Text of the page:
What’s quietly radical about both movies is that they use relatively conservative film vernaculars to depict stories in which sexuality isn’t “other-ized,” but a healthy part of the lives that include work, family, creativity and enterprise. “Battle of the Sexes” possesses the swiftly moving drama, sprightly humor and bright tone of a mainstream crowd-pleaser; “Professor Marston,” for its part, has the period sheen and restraint of a classic art house awards contender.
At a time when representation has gained steady traction in Hollywood, it’s often seen as a victory when a film features a leading character who isn’t white, male or straight. But both “Battle” and “Marston” go beyond mere box-checking to explore how aspects of identity — in this case, sexual orientation — can be depicted, not as an issue, a problem or even the defining facet of a character’s life, but an organic, un-neurotic piece of a larger whole.
In “Battle of the Sexes” King is busy preparing for a much-hyped exhibition match against Bobby Riggs (Steve Carell). This happens during a period in her life when she was also founding the Women’s Tennis Association, battling sexism within professional sports and, incidentally, falling in love with a woman. In the film, directed by Jonathan Dayton and Valerie Faris, King’s attraction to hairdresser Marilyn Barnett (Andrea Riseborough) certainly presents complications: After all, King is married, and homophobia within the tennis circuit and the world at large threatens not just King’s career, but the fledgling WTA.
But in “Battle of the Sexes,” it’s the outside forces of sexism and prejudice that are the problem, not King’s shifting sense of self. Her romance with Barnett is portrayed as part of the swirl of her life, which in 1973 made her arguably the most famous athlete in America. The film’s sex scenes are mild enough to have earned the movie a family-friendly PG-13 rating.
“One of the things Billie Jean said to us early on was, in addition to the story of the Battle of the Sexes, she wanted this movie to be empowering to kids who are struggling with their sexuality,” Faris said during a recent telephone interview, adding that it was King who wanted the film to be PG-13. “That was her interest and really it was all of our interest.”
Similarly, in “Professor Marston and the Wonder Women,” which opens Oct. 13, writer-director Angela Robinson handles potentially lascivious or voyeuristic material with tact and taste. The film tells the true-life story of William Moulton Marston, who created the Wonder Woman character and was largely inspired by his wife, Elizabeth, and the couple’s mutual lover, Olive Byrne. The politically progressive trio — who lived together and parented four children together in the 1930s and 1940s — eventually discovered sex play in the world of bondage, whose accoutrements of whips, cuffs and form-fitting corsets became Wonder Woman’s chief signifiers.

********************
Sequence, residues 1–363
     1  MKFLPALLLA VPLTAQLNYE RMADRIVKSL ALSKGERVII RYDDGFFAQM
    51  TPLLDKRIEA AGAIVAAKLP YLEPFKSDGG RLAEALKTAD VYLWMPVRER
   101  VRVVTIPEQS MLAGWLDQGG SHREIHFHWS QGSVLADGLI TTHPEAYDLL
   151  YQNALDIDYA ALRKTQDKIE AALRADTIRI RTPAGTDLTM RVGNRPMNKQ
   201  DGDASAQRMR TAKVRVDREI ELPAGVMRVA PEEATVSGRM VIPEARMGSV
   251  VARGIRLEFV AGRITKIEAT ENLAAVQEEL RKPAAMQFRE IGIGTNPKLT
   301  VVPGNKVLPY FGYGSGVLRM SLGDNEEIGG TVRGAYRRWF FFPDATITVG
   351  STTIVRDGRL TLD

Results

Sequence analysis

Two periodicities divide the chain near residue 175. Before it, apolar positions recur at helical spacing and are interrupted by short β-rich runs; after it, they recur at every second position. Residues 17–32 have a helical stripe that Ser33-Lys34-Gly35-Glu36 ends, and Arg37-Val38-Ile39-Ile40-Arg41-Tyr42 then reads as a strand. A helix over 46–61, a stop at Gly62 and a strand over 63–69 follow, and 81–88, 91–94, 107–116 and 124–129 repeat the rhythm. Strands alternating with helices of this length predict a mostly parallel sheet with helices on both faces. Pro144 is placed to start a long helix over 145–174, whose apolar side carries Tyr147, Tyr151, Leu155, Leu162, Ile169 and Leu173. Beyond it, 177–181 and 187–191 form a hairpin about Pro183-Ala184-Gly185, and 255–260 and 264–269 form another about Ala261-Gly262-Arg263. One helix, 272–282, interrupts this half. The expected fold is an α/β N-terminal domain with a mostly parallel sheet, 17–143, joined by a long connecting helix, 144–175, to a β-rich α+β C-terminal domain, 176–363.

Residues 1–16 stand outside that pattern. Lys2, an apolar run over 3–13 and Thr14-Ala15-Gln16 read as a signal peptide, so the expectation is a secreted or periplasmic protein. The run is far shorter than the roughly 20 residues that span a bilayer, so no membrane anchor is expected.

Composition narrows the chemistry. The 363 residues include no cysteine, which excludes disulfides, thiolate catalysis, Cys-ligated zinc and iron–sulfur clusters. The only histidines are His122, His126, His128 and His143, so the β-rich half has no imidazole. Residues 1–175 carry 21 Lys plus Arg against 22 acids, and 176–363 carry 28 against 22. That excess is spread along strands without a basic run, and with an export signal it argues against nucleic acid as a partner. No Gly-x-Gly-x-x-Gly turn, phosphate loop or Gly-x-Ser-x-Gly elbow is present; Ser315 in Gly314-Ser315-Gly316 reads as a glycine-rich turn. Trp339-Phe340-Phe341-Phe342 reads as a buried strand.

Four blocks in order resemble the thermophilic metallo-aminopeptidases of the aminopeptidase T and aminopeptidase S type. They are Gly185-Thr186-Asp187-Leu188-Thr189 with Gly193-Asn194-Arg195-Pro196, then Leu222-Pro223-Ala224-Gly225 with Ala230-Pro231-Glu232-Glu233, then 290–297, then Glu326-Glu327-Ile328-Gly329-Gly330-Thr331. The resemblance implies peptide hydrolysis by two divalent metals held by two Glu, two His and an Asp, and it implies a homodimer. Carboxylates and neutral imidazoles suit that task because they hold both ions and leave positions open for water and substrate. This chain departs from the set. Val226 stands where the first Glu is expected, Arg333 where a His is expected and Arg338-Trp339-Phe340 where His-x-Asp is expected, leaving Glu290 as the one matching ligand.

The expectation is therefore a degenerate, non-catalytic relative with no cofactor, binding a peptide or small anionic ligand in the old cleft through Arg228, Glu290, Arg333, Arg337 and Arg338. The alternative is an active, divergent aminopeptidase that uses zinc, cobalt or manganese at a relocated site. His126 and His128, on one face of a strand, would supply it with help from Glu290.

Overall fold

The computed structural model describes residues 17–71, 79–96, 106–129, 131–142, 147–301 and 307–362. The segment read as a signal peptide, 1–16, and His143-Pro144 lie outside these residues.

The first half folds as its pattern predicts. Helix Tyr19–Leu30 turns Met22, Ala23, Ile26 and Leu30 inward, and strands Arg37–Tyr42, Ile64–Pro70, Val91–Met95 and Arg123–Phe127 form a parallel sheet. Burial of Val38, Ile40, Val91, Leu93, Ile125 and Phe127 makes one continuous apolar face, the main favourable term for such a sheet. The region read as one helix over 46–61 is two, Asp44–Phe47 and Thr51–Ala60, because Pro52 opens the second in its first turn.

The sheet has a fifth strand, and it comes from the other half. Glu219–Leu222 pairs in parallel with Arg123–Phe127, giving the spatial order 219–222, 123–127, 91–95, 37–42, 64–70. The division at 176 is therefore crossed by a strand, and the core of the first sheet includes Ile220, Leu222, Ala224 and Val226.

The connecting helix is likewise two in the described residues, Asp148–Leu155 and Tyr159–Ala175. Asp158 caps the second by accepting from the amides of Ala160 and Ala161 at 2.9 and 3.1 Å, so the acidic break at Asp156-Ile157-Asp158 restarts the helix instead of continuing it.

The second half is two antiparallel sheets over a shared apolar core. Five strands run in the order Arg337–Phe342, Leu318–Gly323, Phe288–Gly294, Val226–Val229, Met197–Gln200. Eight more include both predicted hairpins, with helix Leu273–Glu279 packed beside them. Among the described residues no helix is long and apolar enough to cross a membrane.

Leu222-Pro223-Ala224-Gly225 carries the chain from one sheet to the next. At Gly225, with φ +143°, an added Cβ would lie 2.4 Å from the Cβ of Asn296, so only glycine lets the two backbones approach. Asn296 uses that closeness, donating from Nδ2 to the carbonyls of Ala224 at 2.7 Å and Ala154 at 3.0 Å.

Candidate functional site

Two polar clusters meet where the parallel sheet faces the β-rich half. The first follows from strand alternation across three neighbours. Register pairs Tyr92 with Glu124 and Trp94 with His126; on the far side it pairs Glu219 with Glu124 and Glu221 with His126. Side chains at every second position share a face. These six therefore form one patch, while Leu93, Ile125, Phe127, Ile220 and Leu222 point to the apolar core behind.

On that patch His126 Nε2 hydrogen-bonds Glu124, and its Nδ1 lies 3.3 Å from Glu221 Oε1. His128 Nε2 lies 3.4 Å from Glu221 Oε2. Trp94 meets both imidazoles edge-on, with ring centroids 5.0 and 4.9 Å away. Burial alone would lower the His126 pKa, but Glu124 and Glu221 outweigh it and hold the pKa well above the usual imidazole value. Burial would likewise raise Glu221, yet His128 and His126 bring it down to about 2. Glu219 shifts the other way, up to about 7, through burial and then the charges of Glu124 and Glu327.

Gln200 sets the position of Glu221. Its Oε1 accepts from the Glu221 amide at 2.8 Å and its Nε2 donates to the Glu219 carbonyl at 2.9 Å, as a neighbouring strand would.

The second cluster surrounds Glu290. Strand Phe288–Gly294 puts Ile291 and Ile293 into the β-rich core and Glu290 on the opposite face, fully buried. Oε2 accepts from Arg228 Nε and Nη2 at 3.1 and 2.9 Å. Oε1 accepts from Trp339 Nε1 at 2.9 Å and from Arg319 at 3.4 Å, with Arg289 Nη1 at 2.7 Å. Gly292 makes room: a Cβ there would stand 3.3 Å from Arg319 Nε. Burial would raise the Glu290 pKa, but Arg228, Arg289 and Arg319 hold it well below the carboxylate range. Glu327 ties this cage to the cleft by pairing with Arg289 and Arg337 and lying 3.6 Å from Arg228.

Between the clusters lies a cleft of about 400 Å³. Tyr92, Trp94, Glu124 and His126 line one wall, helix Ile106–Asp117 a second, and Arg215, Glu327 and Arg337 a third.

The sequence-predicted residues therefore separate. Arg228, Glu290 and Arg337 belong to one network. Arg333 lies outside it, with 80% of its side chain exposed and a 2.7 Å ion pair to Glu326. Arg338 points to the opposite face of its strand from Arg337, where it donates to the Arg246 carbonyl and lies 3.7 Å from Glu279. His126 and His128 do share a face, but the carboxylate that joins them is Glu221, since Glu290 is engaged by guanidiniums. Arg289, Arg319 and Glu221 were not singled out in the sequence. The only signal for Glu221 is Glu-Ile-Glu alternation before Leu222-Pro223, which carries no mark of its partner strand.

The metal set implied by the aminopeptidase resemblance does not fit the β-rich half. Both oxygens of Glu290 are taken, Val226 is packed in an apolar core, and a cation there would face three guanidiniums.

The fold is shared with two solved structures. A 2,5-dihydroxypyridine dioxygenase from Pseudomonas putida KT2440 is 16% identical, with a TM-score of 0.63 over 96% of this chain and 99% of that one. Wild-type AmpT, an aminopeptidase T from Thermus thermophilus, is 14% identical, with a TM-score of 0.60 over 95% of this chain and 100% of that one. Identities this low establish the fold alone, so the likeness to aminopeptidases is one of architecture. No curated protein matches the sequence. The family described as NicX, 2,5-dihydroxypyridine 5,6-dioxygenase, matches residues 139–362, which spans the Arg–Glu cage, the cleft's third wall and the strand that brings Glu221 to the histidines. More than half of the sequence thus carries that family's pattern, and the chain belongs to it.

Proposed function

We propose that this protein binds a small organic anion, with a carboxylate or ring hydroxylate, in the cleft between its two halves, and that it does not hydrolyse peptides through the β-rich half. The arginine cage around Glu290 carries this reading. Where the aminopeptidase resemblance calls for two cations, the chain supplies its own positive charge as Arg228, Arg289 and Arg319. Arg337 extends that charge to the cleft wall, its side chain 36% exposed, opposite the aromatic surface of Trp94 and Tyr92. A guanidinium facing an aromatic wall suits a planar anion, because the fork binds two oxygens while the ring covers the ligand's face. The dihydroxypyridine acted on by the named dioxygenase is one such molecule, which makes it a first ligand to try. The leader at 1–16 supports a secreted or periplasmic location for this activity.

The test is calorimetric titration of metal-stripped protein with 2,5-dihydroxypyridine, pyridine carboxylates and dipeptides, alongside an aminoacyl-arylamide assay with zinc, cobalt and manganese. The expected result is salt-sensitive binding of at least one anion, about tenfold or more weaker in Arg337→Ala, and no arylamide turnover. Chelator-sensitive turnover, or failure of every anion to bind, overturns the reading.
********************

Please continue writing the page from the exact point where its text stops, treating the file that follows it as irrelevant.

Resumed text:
It would have been easy for Robinson to play up the fetishistic kink of the Marstons’ unusual relationship with Byrne (they’re played by Luke Evans, Rebecca Hall and Bella Heathcote, respectively). But Robinson, who was an executive producer of the Showtime series “The L Word” and wrote and directed several episodes of the show, was determined to present her title characters not as figures of titillation or psychological obsession but intelligent and self-aware scholars who simply wanted to live honestly and in good faith with their hearts’ desires. The result is a film that, despite its sometime outre subject matter, feels improbably old-fashioned, sincere and wholesome.
"It was very important to me that the exploration of sexuality in the film feel like a dialectic between fantasy and reality," Robinson said in a recent phone conversation. "So the quote-unquote sex scenes to me weren't about having sex. I wasn't interested in what they were doing with each other. It was about freedom and fantasy — that in this fantastical space with these costumes, they could be the truest versions of themselves. They could be in this liberated space and then they're thrust back into the real world. Anything 'kinky' is almost always depicted as bad or transgressive or dark. And I was like no, this was wonderful."
“Battle of the Sexes” and “Professor Marston and the Wonder Women” are the most recent of a long line of breakthrough movies representing gay life, from such “problem pictures” as “The Boys in the Band” and “Brokeback Mountain” to such coming-out portraits as “Lianna,” “Go Fish” and 2013’s “Blue Is the Warmest Color,” which earned both praise and prurient notoriety for its graphic sex scenes that were filmed in real time.
What sets “Battle” and “Marston” apart are narrative and aesthetic values that could easily be described as conventional — even conservative.
“I made a very specific directorial decision to not put quotes around anything,” Robinson explained. “I [decided to] treat these characters the way your standard prestige biopic would. I very specifically chose to tell the story like you would tell ‘The Imitation Game’ or any other movies of this ilk. To me, that in and of itself was subversive.”
Meanwhile, “Battle of the Sexes” opens wide this weekend, at which point Dayton and Faris will discover the extent — or limit — of their story’s mass appeal. Already, the film is performing better in cities and among the women who are emerging as its core audience. And those who see it love it: It has an A CinemaScore, suggesting that audiences are responding to it not just as a sports movie or a nostalgia trip, but as romance, coming-of-age tale and resonant slice of American culture and human nature. “It’s so much more than a tennis movie,” Dayton said. “It’s really about people’s lives.”